Collette lives in a useless Australian tourist town. She’s a high school dropout with few career prospects, unemployed, living at home. Her father (Bill Hunter) is a mildly corrupt local politician who verbally demeans Collette, her siblings, and wife Jeanie Drynan at every opportunity. He’s also a little too friendly with local beauty supply maven Gennie Nevinson. All of Collette’s friends are insipid, shallow beauty queens who mock Collette about her physical appearance.

Everything changes when Collette runs into former high school classmate Rachel Griffiths, who could care less what Collette’s faux friends think of her and thinks Collette is doing just fine. Unfortunately, quite a bit of Griffiths’s opinion is based on Collette’s lies. Many of the lies involve Collette’s desire to get married, which would–in Collette’s eyes–undoubtedly result in her becoming a new, improved person. At the same time, Collette and Griffiths build this otherwise sincere friendship, with Griffiths the booster Collette never had.

Hogan’s script has a lot of laughs in the first half, which has Collette and Griffiths meeting on a tropical vacation, as well as during their move to the big city. The present action is rather fast in Muriel’s Wedding; Hogan and editor Jill Bilcock sometimes identifying don’t slow down to identify how much time has passed between scenes. Rarely in the next subsequent scene and usually in the one after. It keeps the film, which almost two hours, sailing.

Despite some rather bleak circumstances, Muriel’s Wedding is never a black comedy. Tragedies and hardships aren’t for laughs. The characters can be funny–or just plain mocked–but not their circumstances. As funny as the film gets, Hogan always relies on the actors to bring grounding, particularly Collette, Griffiths, Drynan, and Hunter. The laughs often come from how uncomfortable moments can get, whether through Collette’s deceptions (or naiveté) or Hunter’s willful mistreatment of his family.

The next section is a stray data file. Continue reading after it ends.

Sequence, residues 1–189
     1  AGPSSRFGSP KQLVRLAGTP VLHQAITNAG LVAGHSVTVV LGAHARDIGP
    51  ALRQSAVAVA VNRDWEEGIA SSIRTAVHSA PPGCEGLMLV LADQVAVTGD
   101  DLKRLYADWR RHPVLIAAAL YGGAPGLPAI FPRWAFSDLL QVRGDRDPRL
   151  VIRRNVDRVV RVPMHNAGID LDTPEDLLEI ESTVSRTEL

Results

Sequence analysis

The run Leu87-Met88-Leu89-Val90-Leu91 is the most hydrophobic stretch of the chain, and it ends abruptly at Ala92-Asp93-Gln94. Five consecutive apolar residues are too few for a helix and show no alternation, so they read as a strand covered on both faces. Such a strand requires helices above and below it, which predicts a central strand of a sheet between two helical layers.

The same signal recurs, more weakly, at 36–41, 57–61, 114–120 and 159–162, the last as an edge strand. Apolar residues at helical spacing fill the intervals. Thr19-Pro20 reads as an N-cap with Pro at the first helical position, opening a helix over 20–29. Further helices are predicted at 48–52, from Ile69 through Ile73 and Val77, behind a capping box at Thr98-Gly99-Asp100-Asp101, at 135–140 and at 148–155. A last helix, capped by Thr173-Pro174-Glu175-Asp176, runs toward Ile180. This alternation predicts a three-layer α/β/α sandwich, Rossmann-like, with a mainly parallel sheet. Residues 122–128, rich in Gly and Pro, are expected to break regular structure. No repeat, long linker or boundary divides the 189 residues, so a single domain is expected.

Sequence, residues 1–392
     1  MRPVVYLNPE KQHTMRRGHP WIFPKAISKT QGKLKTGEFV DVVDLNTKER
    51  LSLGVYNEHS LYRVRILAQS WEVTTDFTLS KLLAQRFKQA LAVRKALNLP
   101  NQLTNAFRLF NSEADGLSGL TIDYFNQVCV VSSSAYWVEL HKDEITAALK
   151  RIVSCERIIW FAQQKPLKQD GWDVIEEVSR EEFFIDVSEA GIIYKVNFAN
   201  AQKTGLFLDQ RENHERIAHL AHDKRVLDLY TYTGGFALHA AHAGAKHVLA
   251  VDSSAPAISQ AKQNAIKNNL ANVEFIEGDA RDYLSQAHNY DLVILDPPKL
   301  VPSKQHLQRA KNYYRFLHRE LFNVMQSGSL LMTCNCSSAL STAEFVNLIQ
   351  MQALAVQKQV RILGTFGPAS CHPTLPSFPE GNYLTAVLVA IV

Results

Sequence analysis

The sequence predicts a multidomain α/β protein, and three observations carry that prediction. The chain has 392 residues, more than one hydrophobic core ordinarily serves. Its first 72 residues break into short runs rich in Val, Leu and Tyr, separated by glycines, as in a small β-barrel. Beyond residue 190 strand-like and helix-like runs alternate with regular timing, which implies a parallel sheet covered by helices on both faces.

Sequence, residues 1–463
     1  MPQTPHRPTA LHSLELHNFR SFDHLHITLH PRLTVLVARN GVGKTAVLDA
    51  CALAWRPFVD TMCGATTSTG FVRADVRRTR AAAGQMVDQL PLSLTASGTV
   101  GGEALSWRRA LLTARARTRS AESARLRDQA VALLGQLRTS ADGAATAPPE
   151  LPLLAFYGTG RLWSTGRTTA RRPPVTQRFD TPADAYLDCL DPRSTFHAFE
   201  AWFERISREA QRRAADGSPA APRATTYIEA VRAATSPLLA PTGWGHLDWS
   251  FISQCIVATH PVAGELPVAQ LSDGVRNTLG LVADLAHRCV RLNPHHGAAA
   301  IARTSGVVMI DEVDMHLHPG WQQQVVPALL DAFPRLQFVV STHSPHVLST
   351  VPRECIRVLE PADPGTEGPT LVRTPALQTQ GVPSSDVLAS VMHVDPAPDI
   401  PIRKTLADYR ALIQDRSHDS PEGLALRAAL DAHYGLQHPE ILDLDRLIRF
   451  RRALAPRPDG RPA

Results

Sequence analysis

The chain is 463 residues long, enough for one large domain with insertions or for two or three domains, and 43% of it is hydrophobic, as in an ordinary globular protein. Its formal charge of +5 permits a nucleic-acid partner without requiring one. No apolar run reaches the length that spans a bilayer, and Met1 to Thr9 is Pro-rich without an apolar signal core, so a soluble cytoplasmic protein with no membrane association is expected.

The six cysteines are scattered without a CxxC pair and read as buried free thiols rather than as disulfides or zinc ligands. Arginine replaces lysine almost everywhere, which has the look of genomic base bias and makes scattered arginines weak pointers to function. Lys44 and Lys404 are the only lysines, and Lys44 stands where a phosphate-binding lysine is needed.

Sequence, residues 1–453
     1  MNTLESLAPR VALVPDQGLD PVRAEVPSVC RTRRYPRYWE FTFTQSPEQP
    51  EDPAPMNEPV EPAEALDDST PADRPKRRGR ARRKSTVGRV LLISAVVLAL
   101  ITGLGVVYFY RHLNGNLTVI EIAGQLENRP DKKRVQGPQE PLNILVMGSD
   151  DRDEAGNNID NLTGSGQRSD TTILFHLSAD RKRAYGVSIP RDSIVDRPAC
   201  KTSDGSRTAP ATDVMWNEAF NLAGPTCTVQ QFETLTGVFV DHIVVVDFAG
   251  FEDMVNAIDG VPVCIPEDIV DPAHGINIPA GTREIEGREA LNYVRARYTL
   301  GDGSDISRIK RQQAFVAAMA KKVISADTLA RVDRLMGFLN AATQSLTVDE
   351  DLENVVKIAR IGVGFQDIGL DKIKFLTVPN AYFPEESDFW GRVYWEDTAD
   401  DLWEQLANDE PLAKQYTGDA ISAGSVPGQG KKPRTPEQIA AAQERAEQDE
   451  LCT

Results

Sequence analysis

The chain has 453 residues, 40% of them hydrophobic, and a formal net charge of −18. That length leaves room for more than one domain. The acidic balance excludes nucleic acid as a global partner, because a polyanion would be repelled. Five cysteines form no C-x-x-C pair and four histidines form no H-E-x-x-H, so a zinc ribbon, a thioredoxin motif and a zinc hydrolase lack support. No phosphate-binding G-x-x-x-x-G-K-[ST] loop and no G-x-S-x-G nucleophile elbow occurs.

As the characters react to the plot’s various curveballs during the second act, Hogan narrows the film to Collette. It also changes the pace of things. Hogan has more content in summary scene exposition than in his non-summary sequences. It fits in great with the slightly fantastical characters.

Great supporting performances from Hunter and Drynan. Griffiths is wonderful, ably essaying a part bouncing between comedy and drama. But Collette is the whole show. Even when Griffiths is being hilarious, Collette commands the attention. Hogan exquisitely juggles the dynamic of their relationship, with Martin McGrath’s moody but pragmatic photography playing a big part.

The only problem is the rushed third act, where Hogan speeds a tad fast through all the right notes.

Muriel’s Wedding is magnificent.

Oh, and a big part of the film is Collette’s healthiest obsession–ABBA. So lots of great ABBA music, sometimes for comic effect, sometimes for emotional.

3.5/4★★★½

CREDITS

Written and directed by P.J. Hogan; director of photography, Martin McGrath; edited by Jill Bilcock; music by Peter Best; production designer, Paddy Reardon; produced by Lynda House and Jocelyn Moorhouse; released by Roadshow Film Distributors.

Starring Toni Collette (Muriel Heslop), Rachel Griffiths (Rhonda Epinstall), Bill Hunter (Bill Heslop), Jeanie Drynan (Betty Heslop), Gennie Nevinson (Deidre Chambers), Daniel Lapaine (David Van Arkle), and Matt Day (Brice Nobes).


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Trancers 5: Sudden Deth (1994, David Nutter)

There are no good parts to Trancers 5: Sudden Deth. The best parts, however, are when you forget you’re watching an actual motion picture–or even a direct-to-video release on a name label–and think you’re instead watching some terrible fantasy movie shot by the staff of a renaissance fair. At one point there’s a magic map and it looks like an eight year-old’s treasure map to their Halloween candy (hidden under their bed). It’s ludicrous. Not in an endearing way, but definitely in a way slightly more amusing than anything else going on in Trancers 5. Because Trancers 5 is really, really bad.

Tim Thomerson escapes as unscathed as humanly possible. He doesn’t have a single good line in the entire movie, not a single good moment because Nutter’s direction is so lame and Peter David’s script is so weak; he never embarrasses himself further than the inherent embarrassment of being involved with such a production.

Almost every other performance is horrific. Clabe Hartley, Ty Miller, Terri Ivens. They’re all awful. Mark Arnold is awful in a different way; he tries and fails. No one else tries.